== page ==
Mani: Travels in the Southern Peloponnesse

Mani: Travels in the Southern Peloponnesse

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by Patrick Leigh Fermor
     
 

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The Mani, at the tip of Greece’s—and Europe’s—southernmost promontory, is one of the most isolated regions of the world. Cut off from the rest of the country by the towering range of the Taygetus and hemmed in by the Aegean and Ionian seas, it is a land where the past is still very much a part of its people’s daily lives.

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Overview

The Mani, at the tip of Greece’s—and Europe’s—southernmost promontory, is one of the most isolated regions of the world. Cut off from the rest of the country by the towering range of the Taygetus and hemmed in by the Aegean and Ionian seas, it is a land where the past is still very much a part of its people’s daily lives.

Patrick Leigh Fermor, who has been described as “a cross between Indiana Jones, James Bond, and Graham Greene,” bridges the genres of adventure story, travel writing, and memoir to reveal an ancient world living alongside the twentieth century. Here, in the book that confirmed his reputation as one of the English language’s finest writers of prose, Patrick Leigh Fermor carries the reader with him on his journeys among the Greeks of the mountains, exploring their history and time-honored lore.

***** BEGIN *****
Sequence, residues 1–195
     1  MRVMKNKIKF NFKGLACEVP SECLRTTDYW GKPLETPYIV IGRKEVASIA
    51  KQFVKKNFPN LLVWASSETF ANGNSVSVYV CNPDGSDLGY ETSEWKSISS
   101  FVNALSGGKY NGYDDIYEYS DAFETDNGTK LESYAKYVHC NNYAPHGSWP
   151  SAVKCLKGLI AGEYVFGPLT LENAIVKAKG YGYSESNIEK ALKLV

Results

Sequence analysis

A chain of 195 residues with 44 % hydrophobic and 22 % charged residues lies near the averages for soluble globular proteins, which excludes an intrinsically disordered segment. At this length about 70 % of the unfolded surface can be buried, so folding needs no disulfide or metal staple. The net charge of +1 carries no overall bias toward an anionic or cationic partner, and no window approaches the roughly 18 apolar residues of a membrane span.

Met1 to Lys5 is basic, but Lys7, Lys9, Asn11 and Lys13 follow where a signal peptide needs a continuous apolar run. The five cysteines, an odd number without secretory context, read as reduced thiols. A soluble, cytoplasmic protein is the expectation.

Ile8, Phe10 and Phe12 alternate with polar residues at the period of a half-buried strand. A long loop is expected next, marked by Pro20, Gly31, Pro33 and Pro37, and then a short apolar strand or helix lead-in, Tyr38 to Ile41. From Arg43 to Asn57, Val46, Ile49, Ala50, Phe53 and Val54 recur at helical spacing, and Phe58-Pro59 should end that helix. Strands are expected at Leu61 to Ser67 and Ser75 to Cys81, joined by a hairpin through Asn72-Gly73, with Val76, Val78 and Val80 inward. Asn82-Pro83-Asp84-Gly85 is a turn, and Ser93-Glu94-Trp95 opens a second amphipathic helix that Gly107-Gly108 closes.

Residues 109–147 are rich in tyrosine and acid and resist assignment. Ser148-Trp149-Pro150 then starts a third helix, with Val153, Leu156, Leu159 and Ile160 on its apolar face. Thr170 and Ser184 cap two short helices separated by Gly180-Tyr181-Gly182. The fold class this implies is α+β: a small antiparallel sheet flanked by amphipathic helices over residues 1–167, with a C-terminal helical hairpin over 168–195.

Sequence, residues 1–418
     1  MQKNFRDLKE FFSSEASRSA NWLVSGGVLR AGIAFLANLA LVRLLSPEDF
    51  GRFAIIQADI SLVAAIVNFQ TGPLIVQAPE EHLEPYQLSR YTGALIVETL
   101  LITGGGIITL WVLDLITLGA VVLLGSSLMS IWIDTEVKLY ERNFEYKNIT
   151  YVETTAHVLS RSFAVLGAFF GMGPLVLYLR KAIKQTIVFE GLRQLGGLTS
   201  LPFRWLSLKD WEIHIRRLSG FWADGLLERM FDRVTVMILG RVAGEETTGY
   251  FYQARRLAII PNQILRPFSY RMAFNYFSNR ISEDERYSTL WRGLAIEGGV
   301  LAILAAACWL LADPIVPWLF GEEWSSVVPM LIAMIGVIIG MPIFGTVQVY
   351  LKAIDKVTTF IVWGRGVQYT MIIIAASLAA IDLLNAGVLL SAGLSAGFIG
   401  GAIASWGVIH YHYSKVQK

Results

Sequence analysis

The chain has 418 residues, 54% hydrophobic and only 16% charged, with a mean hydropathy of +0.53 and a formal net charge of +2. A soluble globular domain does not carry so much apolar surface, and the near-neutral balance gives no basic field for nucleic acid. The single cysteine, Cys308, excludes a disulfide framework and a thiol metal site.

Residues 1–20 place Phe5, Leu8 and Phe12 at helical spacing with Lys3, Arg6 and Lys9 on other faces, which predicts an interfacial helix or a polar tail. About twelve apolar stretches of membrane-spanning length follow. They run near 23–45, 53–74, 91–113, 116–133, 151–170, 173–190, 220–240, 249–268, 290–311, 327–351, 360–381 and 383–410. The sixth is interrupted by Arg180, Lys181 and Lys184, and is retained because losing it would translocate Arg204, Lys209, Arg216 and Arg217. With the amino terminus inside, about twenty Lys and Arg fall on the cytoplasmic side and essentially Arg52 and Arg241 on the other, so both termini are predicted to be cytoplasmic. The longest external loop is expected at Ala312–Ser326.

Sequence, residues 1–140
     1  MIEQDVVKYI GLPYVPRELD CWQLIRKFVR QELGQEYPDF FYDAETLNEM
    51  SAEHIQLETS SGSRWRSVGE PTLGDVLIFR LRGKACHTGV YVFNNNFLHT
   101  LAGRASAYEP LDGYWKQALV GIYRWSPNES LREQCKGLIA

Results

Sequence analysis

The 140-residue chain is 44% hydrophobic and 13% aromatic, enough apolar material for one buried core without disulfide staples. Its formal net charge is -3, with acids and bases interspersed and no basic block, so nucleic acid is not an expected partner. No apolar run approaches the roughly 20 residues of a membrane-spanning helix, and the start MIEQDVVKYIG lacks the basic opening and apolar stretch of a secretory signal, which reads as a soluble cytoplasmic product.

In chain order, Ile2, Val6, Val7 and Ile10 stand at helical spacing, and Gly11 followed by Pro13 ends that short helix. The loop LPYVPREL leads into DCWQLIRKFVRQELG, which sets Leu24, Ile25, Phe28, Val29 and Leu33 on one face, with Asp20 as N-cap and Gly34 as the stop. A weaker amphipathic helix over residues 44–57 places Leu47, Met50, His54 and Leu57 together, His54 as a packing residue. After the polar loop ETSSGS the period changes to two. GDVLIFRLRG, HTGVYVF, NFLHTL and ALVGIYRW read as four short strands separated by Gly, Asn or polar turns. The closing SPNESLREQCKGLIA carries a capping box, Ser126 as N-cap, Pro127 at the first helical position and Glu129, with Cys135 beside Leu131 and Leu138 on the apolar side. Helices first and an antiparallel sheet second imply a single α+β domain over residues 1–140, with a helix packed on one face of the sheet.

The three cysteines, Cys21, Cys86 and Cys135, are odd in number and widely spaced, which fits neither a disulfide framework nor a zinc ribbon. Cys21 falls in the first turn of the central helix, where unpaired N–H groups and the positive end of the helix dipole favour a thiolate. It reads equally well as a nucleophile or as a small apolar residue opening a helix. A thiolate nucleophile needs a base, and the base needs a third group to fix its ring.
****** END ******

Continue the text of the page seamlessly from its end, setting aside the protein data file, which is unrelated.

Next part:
Mani is a companion volume to Patrick Leigh Fermor’s celebrated Roumeli: Travels in Northern Greece.

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Product Details

ISBN-13:
9781590175194
Publisher:
New York Review Books
Publication date:
10/12/2011
Series:
New York Review Books Classics Series
Sold by:
Penguin Random House Publisher Services
Format:
NOOK Book
Sales rank:
1,218,432
File size:
1 MB

Meet the Author

Patrick Leigh Fermor (1915-2011) was an intrepid traveler, a heroic soldier, and a writer with a unique prose style. After his stormy schooldays, followed by the walk across Europe to Constantinople that begins in A Time of Gifts (1977) and continues through Between the Woods and the Water (1986), he lived and traveled in the Balkans and the Greek Archipelago. His books Mani (1958) and Roumeli (1966) attest to his deep interest in languages and remote places. In the Second World War he joined the Irish Guards, became a liaison officer in Albania, and fought in Greece and Crete. He was awarded the DSO and OBE. He lived partly in Greece—in the house he designed with his wife, Joan, in an olive grove in the Mani—and partly in Worcestershire. He was knighted in 2004 for his services to literature and to British–Greek relations.
 
Michael Gorra teaches English Literature at Smith College. He is the author of After Empire: Scott, Naipaul, Rushdie. His most recent book is Portrait of a Novel: Henry James and the Making of an American Masterpiece. He lives in Northampton, Massachusetts.

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Mani: Travels in the Southern Peloponnese 5 out of 5 based on 0 ratings. 2 reviews.
Anonymous More than 1 year ago
Anonymous More than 1 year ago
Battle grounds!